“I understand, and we can discuss this further in a moment, but there is a more pressing matter. It came to my attention that you may have been travelling in the company of a man who may be a wanted criminal who could pose a danger to you. I see that he has not joined us, and would like to meet him to ascertain his identity.” He looked to Kai and beckoned towards the door. “May we?”
Their host nodded, stepping aside. “The guest house is the leftmost one.” Everyone filed out, following Guangdong.
Once in the house, Guangdong surveyed the room. Irikshan would have been embarrassed about the state of his belongings were other, more stressful, emotions not nagging at him. “It seems he is not present. Do you know where he went?”
“No, I do not know where he is.”
“I see. Yeong-Gi.”
The ostraca walked towards the humans’ belongings, the creature following him closely. He issued commands in a language Irikshan did not understand, and it began sniffing around. Soon, it turned towards the mages and began running at them before a command from Yeong-Gi slowed its pace. Jared and Lucile were clearly uncomfortable as the chest-high predator sniffed at them, but it soon left them. It quickly found Kamon’s abandoned clothing and began pacing the room. Eventually it stopped, staring at the window, and made some high-pitched jabbering vocalisations.
With another command from Yeong-Gi, it shot off like an arrow, leaping up and scrambling out of the window.
“That window is quite high for a human to get through,” Guangdong said, looking at Irikshan.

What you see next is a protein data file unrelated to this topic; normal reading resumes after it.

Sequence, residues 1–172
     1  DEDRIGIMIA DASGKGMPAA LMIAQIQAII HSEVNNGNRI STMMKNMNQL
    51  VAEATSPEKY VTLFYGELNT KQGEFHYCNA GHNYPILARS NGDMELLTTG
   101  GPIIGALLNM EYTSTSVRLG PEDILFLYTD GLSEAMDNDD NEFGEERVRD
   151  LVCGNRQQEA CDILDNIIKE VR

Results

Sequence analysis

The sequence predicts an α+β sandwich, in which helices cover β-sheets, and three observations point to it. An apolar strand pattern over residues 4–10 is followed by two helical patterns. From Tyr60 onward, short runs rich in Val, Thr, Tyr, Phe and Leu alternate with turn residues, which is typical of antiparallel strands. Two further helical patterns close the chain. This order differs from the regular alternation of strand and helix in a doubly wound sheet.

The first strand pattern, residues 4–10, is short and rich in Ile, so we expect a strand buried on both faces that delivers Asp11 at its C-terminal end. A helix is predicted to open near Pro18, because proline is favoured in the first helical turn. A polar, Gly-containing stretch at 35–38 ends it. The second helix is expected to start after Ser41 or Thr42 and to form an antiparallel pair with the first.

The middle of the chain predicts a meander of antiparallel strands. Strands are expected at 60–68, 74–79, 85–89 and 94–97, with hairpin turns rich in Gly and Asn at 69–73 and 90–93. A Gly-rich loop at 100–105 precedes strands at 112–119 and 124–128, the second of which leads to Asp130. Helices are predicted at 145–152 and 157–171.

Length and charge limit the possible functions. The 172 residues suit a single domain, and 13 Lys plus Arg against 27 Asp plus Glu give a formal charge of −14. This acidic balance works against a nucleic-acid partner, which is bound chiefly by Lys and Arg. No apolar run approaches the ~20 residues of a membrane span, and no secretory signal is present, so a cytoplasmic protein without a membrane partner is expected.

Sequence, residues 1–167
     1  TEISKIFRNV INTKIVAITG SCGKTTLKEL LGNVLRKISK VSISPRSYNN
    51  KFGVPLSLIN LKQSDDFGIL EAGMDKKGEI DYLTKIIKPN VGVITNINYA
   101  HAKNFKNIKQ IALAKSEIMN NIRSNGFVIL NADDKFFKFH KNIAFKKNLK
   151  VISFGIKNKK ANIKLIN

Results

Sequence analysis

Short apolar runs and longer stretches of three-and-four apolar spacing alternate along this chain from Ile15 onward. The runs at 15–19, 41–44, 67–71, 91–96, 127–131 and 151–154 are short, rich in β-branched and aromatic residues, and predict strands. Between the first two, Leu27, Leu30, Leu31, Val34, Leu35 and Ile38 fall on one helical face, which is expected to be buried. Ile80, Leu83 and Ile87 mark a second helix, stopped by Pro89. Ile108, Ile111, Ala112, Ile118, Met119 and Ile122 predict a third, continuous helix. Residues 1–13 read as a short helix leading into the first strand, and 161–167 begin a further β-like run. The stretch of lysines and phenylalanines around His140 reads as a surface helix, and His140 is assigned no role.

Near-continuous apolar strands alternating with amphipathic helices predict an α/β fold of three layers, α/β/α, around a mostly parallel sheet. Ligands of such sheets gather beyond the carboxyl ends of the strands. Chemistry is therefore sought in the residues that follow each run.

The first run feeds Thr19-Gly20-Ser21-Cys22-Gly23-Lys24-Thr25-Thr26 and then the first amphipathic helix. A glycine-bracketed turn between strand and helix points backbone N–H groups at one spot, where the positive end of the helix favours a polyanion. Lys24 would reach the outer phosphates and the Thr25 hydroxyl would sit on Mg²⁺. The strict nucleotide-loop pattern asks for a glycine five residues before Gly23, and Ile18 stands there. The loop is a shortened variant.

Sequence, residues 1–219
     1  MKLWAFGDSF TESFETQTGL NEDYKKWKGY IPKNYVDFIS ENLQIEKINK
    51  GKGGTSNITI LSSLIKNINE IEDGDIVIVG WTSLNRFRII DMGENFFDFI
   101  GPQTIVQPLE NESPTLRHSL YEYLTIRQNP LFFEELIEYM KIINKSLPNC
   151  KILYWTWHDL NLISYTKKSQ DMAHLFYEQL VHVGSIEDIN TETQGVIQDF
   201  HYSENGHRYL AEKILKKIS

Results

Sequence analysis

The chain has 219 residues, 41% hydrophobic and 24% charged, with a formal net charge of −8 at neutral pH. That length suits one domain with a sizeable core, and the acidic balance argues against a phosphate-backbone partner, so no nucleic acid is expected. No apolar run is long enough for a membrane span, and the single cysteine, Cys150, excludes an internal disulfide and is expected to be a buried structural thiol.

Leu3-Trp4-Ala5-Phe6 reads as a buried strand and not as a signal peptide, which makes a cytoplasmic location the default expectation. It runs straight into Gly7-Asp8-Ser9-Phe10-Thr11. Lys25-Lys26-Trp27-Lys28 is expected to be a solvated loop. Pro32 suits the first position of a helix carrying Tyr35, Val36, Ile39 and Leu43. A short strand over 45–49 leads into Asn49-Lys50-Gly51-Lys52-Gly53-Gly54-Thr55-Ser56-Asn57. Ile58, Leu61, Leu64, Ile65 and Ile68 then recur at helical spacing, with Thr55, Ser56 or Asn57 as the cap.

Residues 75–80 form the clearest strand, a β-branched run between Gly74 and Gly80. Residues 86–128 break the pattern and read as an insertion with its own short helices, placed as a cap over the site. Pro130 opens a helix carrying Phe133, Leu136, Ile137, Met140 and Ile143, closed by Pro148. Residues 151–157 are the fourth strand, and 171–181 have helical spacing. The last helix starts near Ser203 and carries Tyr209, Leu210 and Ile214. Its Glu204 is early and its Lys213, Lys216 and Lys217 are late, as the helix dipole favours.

Irikshan didn’t reply.
“Let us return to the main reason for our visit,” Guangdong produced a sealed envelope and handed it to Irikshan. “Your invitation.” He also produced a folded paper and handed it to Lucile. “Your reassignment instructions.”
Irikshan inspected his one. The wax seal bore no sign of tampering, but he didn’t know the crest upon it. He showed it to Kai. “I’m not familiar with imperial seals.”
“This is our Emperor’s seal. One of his personal aides must have written it.”
Or someone skilled in forgery. Cracking it open, he pulled the letter out. A fine scent which he couldn’t identify drifted off the thick paper. The letterhead and border were too intricate to not be printed, unless whoever made it really thought he was worth all that time. The lettering was just inconsistent enough that it was likely done by hand, but even then Irikshan was not sure it couldn’t have been the work of a press.
Dear Dres Irikshan Kennissoeker,
You are cordially invited by Emperor Trent, Fifth of His name, to an audience at the Imaadudish Imperial Court at your earliest convenience. He wishes to meet with the honourable emissary of the enlightened nation of Tumenzar. This letter shall be borne to you by his representative and advisor, Guangdong, whose attendants will ensure you both enjoy a safe journey.
Aylmer, Court Scribe
Irikshan could not outright decline this letter without upsetting Guangdong, whether or not he was a pretender. The letter seemed authentic enough, and he had no reason to doubt Guangdong was who he said he was other than Kamon’s word. Perhaps Kamon remembered Guangdong as a particularly conniving member of the imperial court? You’d have to be to become and remain the advisor to the leader of a world-spanning empire. Plenty of dirty work that would need doing. Was fetching him dirty work?
“It was never my intention to be perceived as a political emissary. I am exploring the empire in my private capacity as a scholar, funded by myself. I do not wish to become involved in politics.” It was true, steering clear of politics was a solid life choice that he’d managed to mostly uphold so far. He didn’t want any part of the scheming and bickering.
“I’m afraid that, as the first Tumenzarian in Otai since before the Enclaves, your presence carries political weight whether you want it to or not. His Majesty would be pleased were you to accept his invitation.”